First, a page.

You left me in Ely, leaving a second pint in a Greene King newbuild diner, the sort of pub that you can usually rely on.

I headed back to the station past the Cathedral, needing to get the taste of sour beer out of my mouth.


I gave Greene King a chance to make it up to me.

Proper Pub

The Prince Albert is Ely’s GBG stalwart, as reliable a GK outlet as the Free Press in Cambridge, and now with similar prices (£4.50 for Landlord last year).

And like the Press it persists with the XX Mild.

Beers You’ve Heard Of Award

Later in the evening it goes a bit upmarket (by RM standards), but at 6pm the crowd was mixed, the banter earthy, the seats low.  It was marvellous.

GBG stickers ruined by Beer Fest poster
Unrepeatable banter

Cool, frothy, chewy 3% beer (NBSS 3.5+); utterly wonderful. Not something you drink in halves, mind.

Best 3% beer in Britain

£3.50 a 3.0% pint, so you pay for your quality (it was bargain priced in that Isle of Ely place).  I’ll pay for quality, thanks.



  1. At Herr Protz’s recommendation, I had tried half of their XX Mild at GBBF, it was after all awarded Gold in the Mild category. It was very good beer and I enjoyed it very much. However, their 5X Oak aged was on a different planet, unbelievably good. I started to look at GK through a different lens. I then tried the Vintage Fine Ale, pure essence of GK, not unpleasant, just a stronger version of everything else they brew. I’ve probably mentioned it elsewhere, but the better GK pubs now are the ones keeping the GK brews off their bars – if the manager is robust, and their turnover supports their view, then they can get away with just having GK IPA on the bar, apparently it’s mandatory – I get that. I just don’t know what to think of GK and whether to separate, in my mind, GK the brewer from GK the Pubco. I still can’t help thinking they are just another greedy gobbler like Marston’s?

    Liked by 2 people

    1. That’s a sensible comment, Richard (by your standards). I can’t work out Greene King either. Their experimental beers (the ones with designs that look like a Beavertown car crash) have been awful, IPA rarely reaches Doom Bar levels, but Abbot, Speckled Hen and Mild have all impressed.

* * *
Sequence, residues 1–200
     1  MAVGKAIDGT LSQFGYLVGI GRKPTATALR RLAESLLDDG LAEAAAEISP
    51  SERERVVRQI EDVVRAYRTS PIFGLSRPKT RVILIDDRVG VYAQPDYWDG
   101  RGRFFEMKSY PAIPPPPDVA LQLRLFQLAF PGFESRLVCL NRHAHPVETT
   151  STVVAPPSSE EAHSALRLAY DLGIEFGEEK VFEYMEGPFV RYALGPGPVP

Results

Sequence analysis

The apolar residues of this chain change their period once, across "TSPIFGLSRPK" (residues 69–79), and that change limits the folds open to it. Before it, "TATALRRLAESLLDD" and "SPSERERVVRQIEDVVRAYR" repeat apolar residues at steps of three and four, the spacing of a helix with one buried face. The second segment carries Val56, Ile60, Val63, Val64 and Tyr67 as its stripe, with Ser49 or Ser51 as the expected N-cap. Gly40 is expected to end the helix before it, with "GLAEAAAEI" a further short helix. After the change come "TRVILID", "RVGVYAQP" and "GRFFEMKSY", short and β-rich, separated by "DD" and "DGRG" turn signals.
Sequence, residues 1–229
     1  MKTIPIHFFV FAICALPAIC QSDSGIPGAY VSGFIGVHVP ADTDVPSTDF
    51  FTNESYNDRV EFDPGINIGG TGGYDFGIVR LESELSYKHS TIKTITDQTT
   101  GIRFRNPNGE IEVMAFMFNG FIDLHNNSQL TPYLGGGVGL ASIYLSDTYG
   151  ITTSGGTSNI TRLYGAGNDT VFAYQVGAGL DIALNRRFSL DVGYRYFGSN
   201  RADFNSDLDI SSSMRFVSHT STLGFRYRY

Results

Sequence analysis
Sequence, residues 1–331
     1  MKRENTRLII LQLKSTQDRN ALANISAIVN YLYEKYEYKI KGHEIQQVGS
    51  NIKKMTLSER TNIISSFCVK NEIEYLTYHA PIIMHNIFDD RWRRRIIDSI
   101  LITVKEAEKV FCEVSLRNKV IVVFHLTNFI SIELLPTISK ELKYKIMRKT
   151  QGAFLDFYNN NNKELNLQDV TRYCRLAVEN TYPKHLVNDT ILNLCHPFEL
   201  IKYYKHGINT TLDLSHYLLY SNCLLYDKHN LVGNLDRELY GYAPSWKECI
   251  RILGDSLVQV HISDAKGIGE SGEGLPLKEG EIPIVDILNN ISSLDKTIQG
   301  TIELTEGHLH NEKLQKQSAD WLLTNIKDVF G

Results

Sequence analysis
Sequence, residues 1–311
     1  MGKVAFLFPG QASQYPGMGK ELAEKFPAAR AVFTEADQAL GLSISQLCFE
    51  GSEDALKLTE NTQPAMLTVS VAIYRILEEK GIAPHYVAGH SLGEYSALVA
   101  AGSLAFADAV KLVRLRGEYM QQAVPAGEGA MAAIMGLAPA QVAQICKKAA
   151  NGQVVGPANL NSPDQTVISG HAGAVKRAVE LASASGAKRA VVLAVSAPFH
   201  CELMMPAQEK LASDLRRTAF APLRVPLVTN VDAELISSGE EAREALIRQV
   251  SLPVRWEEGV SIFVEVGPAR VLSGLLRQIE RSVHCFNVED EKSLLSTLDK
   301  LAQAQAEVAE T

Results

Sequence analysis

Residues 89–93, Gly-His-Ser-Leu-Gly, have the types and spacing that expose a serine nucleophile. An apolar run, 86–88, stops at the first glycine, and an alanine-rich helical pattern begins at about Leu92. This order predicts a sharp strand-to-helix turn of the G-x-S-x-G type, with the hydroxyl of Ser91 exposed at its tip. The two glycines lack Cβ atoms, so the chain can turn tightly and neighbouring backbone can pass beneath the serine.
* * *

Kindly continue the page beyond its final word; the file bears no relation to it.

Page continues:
Liked by 1 person

      1. Sorry, Scott, didn’t make myself clear. It wasn’t the Black IPA and Heritage I meant by experimental. They were both great, in Wolves and Skeggy.

        It’s those beers I see under their craft label that look like someone else -Big Bank IPA and Over Easy.


  2. The only time anyone has ever had to use the Heimlich manoeuvre on me was after I had consumed a dozen pints of Abbott Ale in the Cheshire Cheese just off Fleet Street many scoops ago.
    I’m not sure that’s an appropriate recommendation but I’ve always liked it.

    Liked by 1 person

      1. My then new girlfriend,unaccustomed to the drinking habits of Fleet Street’s hacks,thought I was in some distress.
        I was,having just consumed a gallon and a half of Abbott.
        But not enough ,I subsequently argued,to warrant such action.
        However,GK had rendered me incapable of both speech and movement at that stage.


  3. I was very impressed with the Prince Albert last year Martin, following my visit with yourself and Mrs RM. From memory, I think you drank the XX Mild then, whilst I went for the Landlord. I can’t remember which beer Mrs RM chose.

    Liked by 1 person

  4. I think I mentioned recently, here or elsewhere, my drinking of Greene King XX Mild in the Prince Albert many years ago.
    It’s good to hear that Owd Roger is up and about again after his hernia operation.

    As for “can’t work out Greene King either” we should realise that Greene King is primarily a pub company.
    “Greene King is the country’s leading integrated pub retailer and brewer” with 2,855 managed, tenanted, leased and franchised pubs, restaurants and hotels, including well-known brands such as Greene King local pubs, Hungry Horse, Chef & Brewer and Farmhouse Inns.
    Its annual revenue is over £2 billion a year of which only £215 million, only 9.9%, is from ‘Brewing and Brands’, their “proud history of brewing award-winning ales for more than 200 years” and their “leading ale brand portfolio” that “includes Greene King IPA, Old Speckled Hen, Abbot Ale and Belhaven Best”.
    They clearly realise that different pubs work best in different ways, and that will include their beer offerings, which surely works better than Tim’s one-(barn)-size-fits-all policy. And might the Westgate Brewery be at full capacity would make space on some of their bars for beers from other brewers ?
    Greene King state that “Building pub brands that customers admire remains central to our strategy and we are focused on providing the customer with offers that deliver compelling value, service and quality” which is clearly an emphasis on running pubs rather than brewing beer.

    Liked by 1 person

    1. My main gripe with Greene King is the number of beers on the bar. IPA, Abbot and that lovely Black IPA would more than do in 95% of their pubs. Scrap the pointless guest beers (says the man who bought the Otter).


  5. “Proper Pub”

    Ayup. 🙂

    “I’ll pay for quality, thanks.”

    Ayup. 🙂

    And with that my wife is indicating it’s time to catch up on the final episodes of one of our shows, seeing as how the new PVR is finally working properly.


    PS – “Later in the evening it goes a bit upmarket by RM standards),”

    Not sure if there’s a bracket missing or that one’s superfluous.

    Liked by 1 person

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